Defining Success

The dictionary defines success in many different ways: the accomplishment of an aim or purpose; the attainment of popularity or profit; a person or thing that achieves desired aims or attains prosperity; the outcome of an undertaking.

But whose aims, whose purpose, whose prosperity is it that we talk about when we talk about what success means to us? Most people define success through their accumulated life experiences, by comparing themselves to others, or by listening to friends and family tell their versions of success. If we define our success by what other people think or feel, if we tie our success to their aims, their vision or popularity or prosperity, we are setting ourselves up for suffering, a loss of joy, and failure.

Tangible Result or Feeling?

What constitutes success for each of us is as different as our fingerprints. But in my experience there are basically two types of individuals when it comes to defining success: those who define it by tangible results and those who define it as a feeling.

If you’re a person who defines success by tangible results then you may say things like: “I’ll be successful when my paycheck is x amount, or I’ll be successful when I close x number of deals every month, or I’ll be successful when I make top producer.”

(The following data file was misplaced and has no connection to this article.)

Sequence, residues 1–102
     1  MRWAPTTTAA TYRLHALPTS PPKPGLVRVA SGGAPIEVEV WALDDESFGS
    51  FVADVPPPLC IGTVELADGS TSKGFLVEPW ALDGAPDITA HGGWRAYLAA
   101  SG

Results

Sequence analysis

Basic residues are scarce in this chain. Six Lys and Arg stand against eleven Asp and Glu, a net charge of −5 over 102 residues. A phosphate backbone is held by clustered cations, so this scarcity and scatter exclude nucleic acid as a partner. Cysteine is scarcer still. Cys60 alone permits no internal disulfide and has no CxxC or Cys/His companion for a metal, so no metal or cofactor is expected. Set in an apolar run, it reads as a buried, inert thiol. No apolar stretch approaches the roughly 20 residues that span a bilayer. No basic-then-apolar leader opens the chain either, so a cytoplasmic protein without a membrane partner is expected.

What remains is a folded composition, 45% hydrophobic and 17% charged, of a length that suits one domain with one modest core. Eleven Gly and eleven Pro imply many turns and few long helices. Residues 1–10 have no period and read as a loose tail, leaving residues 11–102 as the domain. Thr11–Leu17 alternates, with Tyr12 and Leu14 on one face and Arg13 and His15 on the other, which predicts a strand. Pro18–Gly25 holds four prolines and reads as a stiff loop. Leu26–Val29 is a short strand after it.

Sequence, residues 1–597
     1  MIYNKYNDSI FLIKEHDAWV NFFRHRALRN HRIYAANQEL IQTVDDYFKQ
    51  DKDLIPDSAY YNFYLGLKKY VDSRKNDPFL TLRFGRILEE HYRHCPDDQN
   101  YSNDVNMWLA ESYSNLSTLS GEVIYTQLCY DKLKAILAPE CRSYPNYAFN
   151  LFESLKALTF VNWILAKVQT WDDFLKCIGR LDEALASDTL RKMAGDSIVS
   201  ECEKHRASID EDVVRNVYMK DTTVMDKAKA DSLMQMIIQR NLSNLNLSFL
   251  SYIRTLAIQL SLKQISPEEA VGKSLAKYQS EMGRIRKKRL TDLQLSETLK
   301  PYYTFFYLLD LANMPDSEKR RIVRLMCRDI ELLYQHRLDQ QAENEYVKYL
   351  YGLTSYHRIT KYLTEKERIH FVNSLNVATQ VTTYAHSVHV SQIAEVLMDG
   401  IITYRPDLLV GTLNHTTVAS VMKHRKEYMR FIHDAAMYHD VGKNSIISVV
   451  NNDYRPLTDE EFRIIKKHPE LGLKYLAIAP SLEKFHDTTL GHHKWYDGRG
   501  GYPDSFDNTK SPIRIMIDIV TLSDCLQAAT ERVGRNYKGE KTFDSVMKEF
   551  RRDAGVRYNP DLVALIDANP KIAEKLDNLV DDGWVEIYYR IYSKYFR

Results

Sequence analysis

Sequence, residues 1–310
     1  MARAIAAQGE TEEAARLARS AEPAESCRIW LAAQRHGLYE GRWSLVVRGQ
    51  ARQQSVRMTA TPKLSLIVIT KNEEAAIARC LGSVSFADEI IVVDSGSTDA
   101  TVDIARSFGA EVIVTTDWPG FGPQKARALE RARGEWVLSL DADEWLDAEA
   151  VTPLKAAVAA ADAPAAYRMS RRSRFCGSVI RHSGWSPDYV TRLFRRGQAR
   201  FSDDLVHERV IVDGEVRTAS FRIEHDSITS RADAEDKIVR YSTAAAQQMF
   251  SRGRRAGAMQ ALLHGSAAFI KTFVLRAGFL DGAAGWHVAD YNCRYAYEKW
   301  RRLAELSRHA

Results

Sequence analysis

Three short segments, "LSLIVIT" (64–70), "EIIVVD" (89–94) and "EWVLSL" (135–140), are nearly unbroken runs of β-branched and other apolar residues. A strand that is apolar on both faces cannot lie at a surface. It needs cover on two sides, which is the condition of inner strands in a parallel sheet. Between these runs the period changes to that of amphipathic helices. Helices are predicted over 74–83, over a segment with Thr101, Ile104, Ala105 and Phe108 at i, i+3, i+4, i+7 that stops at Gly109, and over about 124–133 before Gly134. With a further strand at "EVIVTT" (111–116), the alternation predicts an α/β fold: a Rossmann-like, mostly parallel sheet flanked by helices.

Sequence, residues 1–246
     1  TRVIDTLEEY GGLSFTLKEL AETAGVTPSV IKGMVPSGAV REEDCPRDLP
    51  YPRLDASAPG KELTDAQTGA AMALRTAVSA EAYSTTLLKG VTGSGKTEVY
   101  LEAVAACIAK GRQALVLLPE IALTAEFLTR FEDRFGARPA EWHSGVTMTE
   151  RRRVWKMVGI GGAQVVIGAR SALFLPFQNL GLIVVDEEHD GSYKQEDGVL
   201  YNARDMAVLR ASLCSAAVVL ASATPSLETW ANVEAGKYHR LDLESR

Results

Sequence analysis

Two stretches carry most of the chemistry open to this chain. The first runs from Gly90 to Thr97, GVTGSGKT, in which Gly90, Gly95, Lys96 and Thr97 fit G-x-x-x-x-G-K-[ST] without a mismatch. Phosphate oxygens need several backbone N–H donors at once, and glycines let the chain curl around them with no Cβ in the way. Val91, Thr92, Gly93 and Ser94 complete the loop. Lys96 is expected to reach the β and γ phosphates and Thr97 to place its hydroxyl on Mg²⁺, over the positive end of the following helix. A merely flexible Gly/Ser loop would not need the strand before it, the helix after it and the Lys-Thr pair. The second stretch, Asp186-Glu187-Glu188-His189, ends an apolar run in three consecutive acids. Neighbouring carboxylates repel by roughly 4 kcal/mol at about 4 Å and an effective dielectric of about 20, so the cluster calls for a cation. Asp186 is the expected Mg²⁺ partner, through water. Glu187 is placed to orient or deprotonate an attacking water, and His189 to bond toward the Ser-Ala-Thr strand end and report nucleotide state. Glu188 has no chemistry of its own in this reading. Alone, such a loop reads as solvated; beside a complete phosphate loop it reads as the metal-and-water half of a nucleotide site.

Conversely, a person who defines success by a feeling might say things like: “I’ll be successful when I no longer have to worry about money, or I’ll be successful when others are envious of me, or I’ll be successful when I’m not anxious about when I’ll get my next referral.”

The one common denominator in both definitions of success is that they take place sometime in the future. There is no appreciation for the successes of here and now. Why is that? Why don’t we celebrate our successes every day? The answer lies in our brains.


Our brains could actually be working against us when it comes to being successful and recognizing that we are. Fortunately our brains aren’t “hard-wired” as neuroscientists once thought. They can evolve and change as the information and sensory date we feed to them changes.

What typically happens is that once we’ve achieved “success” our brain immediately kicks in and says – nope, not good enough you have to do better, etc. The brain moves success further and further out because that’s the behavior we’ve taught it in the past. Maybe we’re always comparing ourselves to others. Maybe our family and friends do the comparing for us. Maybe we’re trying to live up to others’ expectations. Maybe we’ve been made to feel “not good enough” on more than one occasion. By allowing others to define success on our behalf, we’ve taught our brains not to celebrate success in the here and now but always be reaching for something more.